I believe Europeans and people in some other countries prefer to keep their personal numbers separate from work numbers though, so they resort to carrying two mobiles or (better) dual-SIMs. 

On the long-term, if the company supports BYOD - some new arrangement may take off that accomodates separation of work and personal calls, while mixing the devices, perhaps through clever call switching software. I think we're still in the early stages so expect more to come in the year to come.



Regulations and Wireless Deployment

@Dan  I am surprised wirless offerings have lagged so far behind the G-based network. Was this due to regulation primarily ?

Re: Regulations and Wireless Deployment

You're asking why WiFi calling lagged regular mobile stations? (i.e. ground based?)  There are FCC approvals required by regulation. There was a dust-up where AT&T went through the paperwork, although their claimed T-Mobile and Sprint rolled it without the equivalent amount of filings.  It was sort of moot until popular handsets did not support it, but since iPhone supoprts it now, it should be popular.

You'll be surprised at how much confusion there seems to be what WiFi calling is.  Some people wrongly claim that they are supplying the WiFi network therefore the calls plans ought to be free.

That's not true -- the calls get routed through the telco network -- which, by the way, is the one that assigned you the phone number.  It's quite unlike using Skype which runs over the top of the IP network.  And if you call a POTS number of Skype, you have to pay anyhow.

WiFi Calling: Ready To Take Off?

Very interesting topic here. WiFi Calling in itself is a great idea, necessarily relieving strain on ever-packed 3 & 4G networks (those six out of ten unhappy customers don't know how complicated the network they take for granted is to run... but, by that same token, they don't care and expect high quality). However, whether or not supporting it in an enterprise setting is IT's job at all is a seperate question entirely. Now, BYOD does assume that the reason you're allowing personal devices at work is because (part of) the time spent on will enhance productivity. So, one could say WiFi calling is certainly part of that... but you could also say it's a bonus users should not expect constant access to. QoS and traffic shaping seems like a lot to ask for IT shops that are stretched thin as it is - but, of course, your mileage may vary.

Re: WiFi Calling: Ready To Take Off?

Exactly.  One part of the BYOD equation is to lower IT hardware and support costs by "pushing" it to the end-user, but the real driver is that people are demanding to use their devices of choice (i.e. I want a Mac, iPhone or whatever). To the extent that enterprises are expected to support that, even if they save on some hardware costs, the support effort is going to be complex.  As you state, the productivity gains are what's going to be important, if it materializes.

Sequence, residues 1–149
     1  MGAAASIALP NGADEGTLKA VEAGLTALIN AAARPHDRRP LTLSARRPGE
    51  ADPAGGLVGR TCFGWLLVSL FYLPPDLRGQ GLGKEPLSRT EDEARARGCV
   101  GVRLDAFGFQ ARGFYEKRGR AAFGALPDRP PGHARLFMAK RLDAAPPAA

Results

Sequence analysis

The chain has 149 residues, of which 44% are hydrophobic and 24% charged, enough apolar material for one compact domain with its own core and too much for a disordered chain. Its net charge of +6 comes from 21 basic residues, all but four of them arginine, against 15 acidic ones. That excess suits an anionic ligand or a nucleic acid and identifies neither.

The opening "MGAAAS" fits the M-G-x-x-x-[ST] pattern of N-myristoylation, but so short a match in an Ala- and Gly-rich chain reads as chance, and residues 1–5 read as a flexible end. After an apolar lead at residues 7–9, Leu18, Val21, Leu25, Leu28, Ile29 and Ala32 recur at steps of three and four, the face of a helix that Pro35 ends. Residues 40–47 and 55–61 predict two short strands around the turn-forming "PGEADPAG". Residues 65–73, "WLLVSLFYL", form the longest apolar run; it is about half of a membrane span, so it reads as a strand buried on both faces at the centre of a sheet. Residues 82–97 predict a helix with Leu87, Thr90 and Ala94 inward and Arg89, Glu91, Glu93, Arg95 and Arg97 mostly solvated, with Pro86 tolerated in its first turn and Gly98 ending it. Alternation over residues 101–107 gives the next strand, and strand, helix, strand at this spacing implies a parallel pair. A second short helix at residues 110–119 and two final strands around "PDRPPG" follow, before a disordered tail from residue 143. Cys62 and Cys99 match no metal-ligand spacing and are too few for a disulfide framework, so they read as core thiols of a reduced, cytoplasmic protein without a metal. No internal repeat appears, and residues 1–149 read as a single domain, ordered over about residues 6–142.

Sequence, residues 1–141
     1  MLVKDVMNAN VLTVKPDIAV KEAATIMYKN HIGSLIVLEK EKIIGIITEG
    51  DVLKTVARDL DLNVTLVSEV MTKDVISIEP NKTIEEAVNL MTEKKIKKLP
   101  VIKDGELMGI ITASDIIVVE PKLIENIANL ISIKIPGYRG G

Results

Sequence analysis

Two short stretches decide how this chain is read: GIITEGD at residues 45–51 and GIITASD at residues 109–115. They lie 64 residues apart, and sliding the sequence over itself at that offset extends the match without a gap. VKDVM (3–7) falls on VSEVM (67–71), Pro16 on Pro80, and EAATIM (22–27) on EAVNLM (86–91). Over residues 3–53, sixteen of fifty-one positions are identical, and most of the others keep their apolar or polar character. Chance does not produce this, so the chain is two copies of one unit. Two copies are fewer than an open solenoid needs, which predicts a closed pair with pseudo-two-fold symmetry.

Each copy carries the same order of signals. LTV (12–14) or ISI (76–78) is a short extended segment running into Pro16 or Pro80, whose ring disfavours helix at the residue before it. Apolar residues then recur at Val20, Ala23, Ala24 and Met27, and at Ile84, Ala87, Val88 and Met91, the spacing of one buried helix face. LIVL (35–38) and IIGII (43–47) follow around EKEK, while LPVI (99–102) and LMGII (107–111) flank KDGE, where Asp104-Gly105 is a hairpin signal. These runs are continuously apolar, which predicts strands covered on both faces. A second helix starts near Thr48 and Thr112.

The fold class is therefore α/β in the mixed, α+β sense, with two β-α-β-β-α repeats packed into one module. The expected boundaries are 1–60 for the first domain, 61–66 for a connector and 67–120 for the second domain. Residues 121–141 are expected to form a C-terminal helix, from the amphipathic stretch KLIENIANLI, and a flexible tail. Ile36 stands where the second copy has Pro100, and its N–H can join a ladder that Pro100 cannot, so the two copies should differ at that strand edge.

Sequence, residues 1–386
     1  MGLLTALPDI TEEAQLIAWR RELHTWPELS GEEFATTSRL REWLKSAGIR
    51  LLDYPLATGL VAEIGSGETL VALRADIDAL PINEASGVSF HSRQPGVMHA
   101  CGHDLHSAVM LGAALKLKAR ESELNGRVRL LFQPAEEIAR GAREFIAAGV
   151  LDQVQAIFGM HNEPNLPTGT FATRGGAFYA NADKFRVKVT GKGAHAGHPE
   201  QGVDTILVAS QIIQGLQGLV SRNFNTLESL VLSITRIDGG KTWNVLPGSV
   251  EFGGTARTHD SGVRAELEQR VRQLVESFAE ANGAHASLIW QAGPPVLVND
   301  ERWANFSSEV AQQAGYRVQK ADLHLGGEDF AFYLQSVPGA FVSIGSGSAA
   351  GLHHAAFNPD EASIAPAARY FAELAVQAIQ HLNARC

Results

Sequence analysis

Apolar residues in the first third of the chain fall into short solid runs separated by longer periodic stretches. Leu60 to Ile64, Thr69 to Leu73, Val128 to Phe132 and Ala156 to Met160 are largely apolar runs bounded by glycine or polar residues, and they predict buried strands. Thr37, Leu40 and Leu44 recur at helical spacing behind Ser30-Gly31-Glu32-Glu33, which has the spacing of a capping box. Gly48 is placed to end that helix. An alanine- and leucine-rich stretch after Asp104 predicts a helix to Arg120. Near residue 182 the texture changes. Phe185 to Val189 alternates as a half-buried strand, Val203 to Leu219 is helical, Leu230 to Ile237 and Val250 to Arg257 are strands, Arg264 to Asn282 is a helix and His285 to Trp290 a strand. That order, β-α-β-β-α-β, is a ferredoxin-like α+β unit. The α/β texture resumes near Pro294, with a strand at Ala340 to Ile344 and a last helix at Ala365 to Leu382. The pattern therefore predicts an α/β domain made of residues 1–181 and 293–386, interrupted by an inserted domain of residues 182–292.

I learn that a lot of WiFi calling related settings for networking is quite complex.  If a mobile operator cuts a deal with a WiFi operator in an aiport so that it carries WiFi calling signals properly, they both collaborate and understand exactly what to do. But for enterprises, I don't know!

I doubt ATT or T-Mobile will provide a lot of handholding on plain enterprise offices.  I learn that new offices that are very eco-friendly (LEED) are basically have to be very bad indoor mobile coverage, so the only way to get coverage is to do (this is in part two of my blog) DAS or small-cell or resort to WiFi.  Most enterprises are going to want the cheap route and push the responsibility over to IT supported WiFi.

If your WiFi AP prioritizes voice (if it's set-up like that) then lots of voice talk will get prioritized above plain enterprise data workloads. So in theory, real access to file servers or web sites may degrade.  Is that what you want? I'm not sure.

So in part 2 I talk about the real issue, which is "how to get indoor coverage" and look at the options.


Re: WiFi Calling: Ready To Take Off?

Well put. You made some good points about the APs and the Vendors' role here in the article, and I wanted to mention that as well. There is some concern here of people dropping a bunch of money on these sophisticated high-end APs with all these robust features and then taking a fire-and-forget approach to their WLAN setup, which would be a huge mistake. Definitely, if you're paying for a highly complex and customized approach, and you're an enterprise that needs it, you should maximize it. WiFi calling could be part of that. Likewise with 802.11ac - more bandwidth means more possible supported applications - WiFi calling could be one of them. I'll be looking forward to part 2.

Re: WiFi Calling: Ready To Take Off?

You have a good point about "fire and forget".  My research shows that enterprises are in the midst of upgrading to 802.11ac now.  It would be bad if the APs (and the settings, or placement or whatever) are optimized for the LAST generation of uses and miss the next. I guess this always happens so it's an endless treadmill and you'll never choose the perfect solution.

I learned that  most mobile phones have an antenna at the bottom of the handset means that it's oriented the WRONG way for talk to the antennas in many (but not all) APs for optimal signal.  That may differ from laptops which may have more than one antenna.  So people may say "hmm, my laptop gets a signal well, bu tmy WiFi calling is horrislble,  I wonder why".